Openbase (YC S20) – reviews and insights for open-source packages

Hi everyone! I'm Lior, one of the makers of Openbase ( We help developers choose the right JS package for any task - through user reviews and insights about packages' popularity, reliability, activity and more.

I have started Openbase out of my own frustration as a developer: there are 1.3 million JavaScript packages out there, and I found myself spending an increasing amount of time researching and evaluating packages every time I wanted to accomplish a task - displaying an autocomplete, sending an HTTP request, extracting significant keywords from an page, etc. Each time I would make that research, I spent hours reading different blogposts comparing those packages, going over PRs and commit messages to see how active the development or maintainers are, and trying to cross-reference data from npm and GitHub to get to a decision.

We started by gathering data from npm and GitHub - from versions and dependencies, to commits, pull requests, maintainers and tried to figure out what insights we could surface that could help us (and fellow developers) choose the right package. We ended up adding automated insights like star count over time, commit frequency, time between major/minor versions, average time to resolve issues and PRs, percent of commits by the community, dependency insights, and more. Here's what the insights page looks like:

We decided not to stop there, and allow our users to discover the best packages for performing each task and compare them side-by-side. We've already manually curated several hundreds categories, such as CSS frameworks, OAuth packages, and HTTP request libraries: On the long term, we want to build tools that will allow the community to curate and maintain categories, and get to thousands of categories for any imaginable task.

Lastly, over the past couple of weeks we decided to try something more ambitious - we want to let developers rate and review open-source packages. While data and metrics are great, we found ourselves often consulting with friends and colleagues about which package to use. We think reviews could reveal a lot of insights that cannot be deduced by looking at metrics alone. To throw in even more fun to the mix, we added badges like "Great documentation", "Performant", and "Hard to use" (check it out:, and are looking for ideas for more badges.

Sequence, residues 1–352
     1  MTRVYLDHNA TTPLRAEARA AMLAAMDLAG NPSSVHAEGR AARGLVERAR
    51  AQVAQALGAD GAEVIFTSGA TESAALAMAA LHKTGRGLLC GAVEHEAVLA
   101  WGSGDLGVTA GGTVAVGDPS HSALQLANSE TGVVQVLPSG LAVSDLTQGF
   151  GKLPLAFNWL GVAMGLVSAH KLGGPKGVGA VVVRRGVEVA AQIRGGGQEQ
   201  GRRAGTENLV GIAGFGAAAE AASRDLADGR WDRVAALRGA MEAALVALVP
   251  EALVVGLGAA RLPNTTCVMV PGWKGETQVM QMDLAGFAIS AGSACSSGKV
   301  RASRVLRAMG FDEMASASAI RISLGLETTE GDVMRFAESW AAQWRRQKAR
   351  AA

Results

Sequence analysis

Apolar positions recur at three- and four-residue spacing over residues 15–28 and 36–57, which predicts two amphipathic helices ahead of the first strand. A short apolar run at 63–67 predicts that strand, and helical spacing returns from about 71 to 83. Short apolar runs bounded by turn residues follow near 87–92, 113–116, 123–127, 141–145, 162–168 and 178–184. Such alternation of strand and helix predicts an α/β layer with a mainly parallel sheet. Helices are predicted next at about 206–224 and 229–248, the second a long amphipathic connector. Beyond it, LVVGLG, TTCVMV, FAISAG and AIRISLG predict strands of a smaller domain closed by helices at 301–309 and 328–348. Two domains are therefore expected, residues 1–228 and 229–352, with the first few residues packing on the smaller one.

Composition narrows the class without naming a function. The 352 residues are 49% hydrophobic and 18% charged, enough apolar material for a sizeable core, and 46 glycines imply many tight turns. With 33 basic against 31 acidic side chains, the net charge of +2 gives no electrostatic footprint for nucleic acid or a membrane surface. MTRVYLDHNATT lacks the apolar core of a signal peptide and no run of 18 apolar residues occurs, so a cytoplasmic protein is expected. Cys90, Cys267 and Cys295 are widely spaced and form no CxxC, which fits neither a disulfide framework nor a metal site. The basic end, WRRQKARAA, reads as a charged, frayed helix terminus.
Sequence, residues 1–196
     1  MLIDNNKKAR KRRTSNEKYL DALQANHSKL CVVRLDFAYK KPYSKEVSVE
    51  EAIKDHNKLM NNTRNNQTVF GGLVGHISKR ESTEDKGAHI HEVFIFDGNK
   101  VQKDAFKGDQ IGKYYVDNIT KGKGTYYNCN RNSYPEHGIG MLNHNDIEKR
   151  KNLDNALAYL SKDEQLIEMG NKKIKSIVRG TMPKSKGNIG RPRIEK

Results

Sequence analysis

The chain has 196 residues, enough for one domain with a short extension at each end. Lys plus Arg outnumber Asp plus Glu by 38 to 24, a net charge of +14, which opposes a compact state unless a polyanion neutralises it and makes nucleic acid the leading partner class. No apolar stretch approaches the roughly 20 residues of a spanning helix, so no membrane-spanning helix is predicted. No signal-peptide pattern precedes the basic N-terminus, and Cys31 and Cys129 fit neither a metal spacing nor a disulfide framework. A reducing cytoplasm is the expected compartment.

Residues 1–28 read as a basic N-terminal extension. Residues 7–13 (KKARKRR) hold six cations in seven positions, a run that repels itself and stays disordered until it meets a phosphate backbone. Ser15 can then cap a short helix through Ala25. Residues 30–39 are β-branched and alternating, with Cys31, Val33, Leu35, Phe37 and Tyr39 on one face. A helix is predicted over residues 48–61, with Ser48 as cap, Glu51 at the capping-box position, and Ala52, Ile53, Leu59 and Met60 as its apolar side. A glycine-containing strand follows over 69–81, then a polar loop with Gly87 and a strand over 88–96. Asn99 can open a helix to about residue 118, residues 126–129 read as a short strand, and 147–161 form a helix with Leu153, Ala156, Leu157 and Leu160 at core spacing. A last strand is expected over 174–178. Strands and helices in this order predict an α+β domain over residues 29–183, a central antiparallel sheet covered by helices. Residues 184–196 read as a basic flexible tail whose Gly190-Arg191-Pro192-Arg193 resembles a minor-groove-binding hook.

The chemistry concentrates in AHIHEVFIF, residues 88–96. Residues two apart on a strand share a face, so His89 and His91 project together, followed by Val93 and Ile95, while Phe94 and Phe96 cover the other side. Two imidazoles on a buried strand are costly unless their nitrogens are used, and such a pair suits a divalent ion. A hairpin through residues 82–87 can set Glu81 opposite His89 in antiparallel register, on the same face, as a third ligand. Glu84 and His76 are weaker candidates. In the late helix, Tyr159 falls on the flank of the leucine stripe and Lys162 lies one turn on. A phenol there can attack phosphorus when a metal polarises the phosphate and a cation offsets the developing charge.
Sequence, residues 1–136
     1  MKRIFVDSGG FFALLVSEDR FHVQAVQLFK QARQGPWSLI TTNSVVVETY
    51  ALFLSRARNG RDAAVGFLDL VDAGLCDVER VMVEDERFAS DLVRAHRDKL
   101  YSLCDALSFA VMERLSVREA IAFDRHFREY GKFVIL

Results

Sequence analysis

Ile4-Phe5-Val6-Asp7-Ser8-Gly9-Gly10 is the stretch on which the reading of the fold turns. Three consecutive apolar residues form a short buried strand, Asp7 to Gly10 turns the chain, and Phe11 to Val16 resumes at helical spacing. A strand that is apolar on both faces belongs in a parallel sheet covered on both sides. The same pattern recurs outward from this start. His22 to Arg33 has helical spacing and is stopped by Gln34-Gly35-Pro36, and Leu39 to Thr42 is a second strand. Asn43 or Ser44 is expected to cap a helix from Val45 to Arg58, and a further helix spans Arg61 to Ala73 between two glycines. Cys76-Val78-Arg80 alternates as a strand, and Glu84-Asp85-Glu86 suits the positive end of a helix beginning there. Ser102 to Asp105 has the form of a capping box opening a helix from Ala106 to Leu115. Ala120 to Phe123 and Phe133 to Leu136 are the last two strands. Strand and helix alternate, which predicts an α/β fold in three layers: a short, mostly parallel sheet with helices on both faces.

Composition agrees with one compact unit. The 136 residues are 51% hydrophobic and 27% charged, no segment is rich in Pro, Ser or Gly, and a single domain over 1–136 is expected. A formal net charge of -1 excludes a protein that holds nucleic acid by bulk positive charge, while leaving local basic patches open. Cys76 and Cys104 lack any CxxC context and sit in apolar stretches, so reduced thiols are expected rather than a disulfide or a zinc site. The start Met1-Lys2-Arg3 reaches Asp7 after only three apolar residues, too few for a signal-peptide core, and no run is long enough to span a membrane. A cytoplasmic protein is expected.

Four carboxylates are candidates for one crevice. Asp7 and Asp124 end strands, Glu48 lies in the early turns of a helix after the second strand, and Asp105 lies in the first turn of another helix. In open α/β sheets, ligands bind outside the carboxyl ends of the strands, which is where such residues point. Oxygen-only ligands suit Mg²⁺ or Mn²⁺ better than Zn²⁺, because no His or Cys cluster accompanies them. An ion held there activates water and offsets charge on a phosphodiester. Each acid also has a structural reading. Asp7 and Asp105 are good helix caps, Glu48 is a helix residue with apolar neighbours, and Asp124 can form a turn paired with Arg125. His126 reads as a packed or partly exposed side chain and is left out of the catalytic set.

We found that many maintainers want to promote their packages, and unfortunately, there aren't good ways of doing so today. This is a problem for new package maintainers who are having a hard time getting those first thousand users, an API/SaaS company that wants to earn developers' mindshare, or a software firm that wants to showcase their expertise. We've started by allowing package maintainers to claim their package page, and giving them the tools to promote it for free. In the future, we want to allow for paid promotion of packages - limiting it to a single, clearly-marked promoted package for each category. We would just surface the promoted package, but the package ratings, reviews, insights, and metrics are obviously untouched. We believe this kind of balanced approach could make Openbase a sustainable company, while not impairing the user experience.

In the good ol' 90s, when I made my first steps with JavaScript, and it was all about small scripts to make web pages a bit more interactive. I can't believe two decades later, the JavaScript ecosystem has gotten so huge and complicated, that we've actually built a startup to help you navigate this mess. Strange world, isn't it?

We would really love to hear your feedback about Openbase, and in particular about the reviews feature. How would you go about making the reviews a force for good, and making sure reviews are helpful for other developers and the community at large?

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andrey azimov by Andrey Azimov